Go for it
In conclusion, I now live very happily without owning a car. If you have the infrastructure you need to get around by active or public transport for most things in your part of the world, I highly recommend this way of life!
Looking for a good book? I have recommendations! Last January I posted about my favourite fiction reads of 2017 and 2018. This time around I have recommendations from novels I read in 2019, and non-fiction I’ve read over the past couple of years. There’s nothing mediocre here – I only recommend things I really enjoyed or found important.
Saving our world
The year 2020 opened here in Dunedin with an eerie orange sky and visible brown haze – smoke from the massive fires in Australia had travelled some 2000 km across the Tasman Sea. It seemed a frightening portent for the new decade – climate change is here and now; we must act urgently. So, let there be no pussyfooting around – my top book recommendation is Being the Change: Live Well and Spark a Climate Revolution by Peter Kalmus. He is a Californian climate scientist – he is also an activist who has been moved by his scientific knowledge to change his life and campaign for action. Kalmus writes engagingly about his own family’s experience as they reduce their impact on the environment. The book also serves as a primer on climate change. The changes Kalmus makes are achievable for many of us, and also bring happiness – as the blurb states, ‘Life on 1/10th the fossil fuels turns out to be awesome’. It’s a great read and, even better, now available free online on Peter Kalmus’s website.
Another climate scientist writing engagingly about living a lower impact life is New Zealand’s own Shaun Hendy. In #NoFly: Walking the Talk on Climate Change (2019), he recounts his year without flying – a tricky challenge for academics, who are generally big travellers. Like Kalmus, he provides a brief overview of the latest science on climate along with his own personal experience of travel by land and sea.
Since our economic systems have a huge influence on the planet, revising them is an important part of dealing with environmental problems. Kate Raworth’s Doughnut Economics: 7 Ways to Think Like a 21st Century Economist, is a very readable book by a ‘renegade’ economist. She investigates necessary reforms to the way we organise our world so it might fit into the ‘safe and just space for humanity’, with an economy lying between the limits of a just social foundation and ecological ceiling.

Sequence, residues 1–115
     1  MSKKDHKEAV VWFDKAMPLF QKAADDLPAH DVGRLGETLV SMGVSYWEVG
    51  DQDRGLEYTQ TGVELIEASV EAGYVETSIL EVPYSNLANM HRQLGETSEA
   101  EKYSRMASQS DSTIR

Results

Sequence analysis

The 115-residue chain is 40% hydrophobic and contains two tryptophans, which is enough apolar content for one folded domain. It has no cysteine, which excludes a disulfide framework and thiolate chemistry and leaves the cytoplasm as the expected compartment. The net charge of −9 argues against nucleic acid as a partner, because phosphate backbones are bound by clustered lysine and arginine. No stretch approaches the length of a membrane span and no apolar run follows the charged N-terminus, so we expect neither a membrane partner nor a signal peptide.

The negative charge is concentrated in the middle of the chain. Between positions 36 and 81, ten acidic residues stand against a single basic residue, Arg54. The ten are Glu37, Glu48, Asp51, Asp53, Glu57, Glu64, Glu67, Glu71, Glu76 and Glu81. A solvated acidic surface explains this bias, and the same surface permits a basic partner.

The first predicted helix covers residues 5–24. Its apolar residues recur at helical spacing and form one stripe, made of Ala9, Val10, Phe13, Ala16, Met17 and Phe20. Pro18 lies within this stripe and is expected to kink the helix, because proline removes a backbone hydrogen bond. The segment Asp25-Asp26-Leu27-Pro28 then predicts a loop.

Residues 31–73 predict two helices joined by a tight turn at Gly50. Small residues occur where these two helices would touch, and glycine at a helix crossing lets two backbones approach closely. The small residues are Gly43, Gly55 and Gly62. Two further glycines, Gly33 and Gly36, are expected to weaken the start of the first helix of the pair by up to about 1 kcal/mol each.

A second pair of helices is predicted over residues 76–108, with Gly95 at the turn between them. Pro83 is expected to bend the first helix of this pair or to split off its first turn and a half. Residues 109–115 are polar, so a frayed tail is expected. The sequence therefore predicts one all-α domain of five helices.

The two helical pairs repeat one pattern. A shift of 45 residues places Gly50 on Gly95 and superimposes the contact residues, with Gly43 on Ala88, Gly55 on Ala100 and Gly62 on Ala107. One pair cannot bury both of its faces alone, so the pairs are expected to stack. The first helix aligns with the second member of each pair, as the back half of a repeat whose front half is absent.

I’ve read surprisingly little history over the past couple of years, but there’s one history book I can thoroughly recommend – indeed, it should be compulsory reading for all thinking New Zealanders, plus anyone from further afield who wants to understand this place! Vincent O’Malley has followed up his brilliant study of the Waikato War (The Great War for New Zealand ) with a broader overview of the wars: The New Zealand Wars: Ngā Pakanga o Aotearoa. In contrast with the hefty – literally – tome on Waikato, this is a concise book; it is written in O’Malley’s trademark clear and readable style. It is also very well illustrated. It has been great to see this book on bestseller lists; it has an important role to play in increasing New Zealanders’ understanding of events which have an ongoing influence on our society.
Another great history is The Face of Nature: An Environmental History of the Otago Peninsula by Jonathan West. I took a special interest in this book since I live on the Otago Peninsula, but I think it would be of much wider interest: indeed, it won the New Zealand Historical Association’s prize for best history book. It provides a fascinating history of the land and water of this stunning place, and the impact of the people who have lived here.
Memoir and biography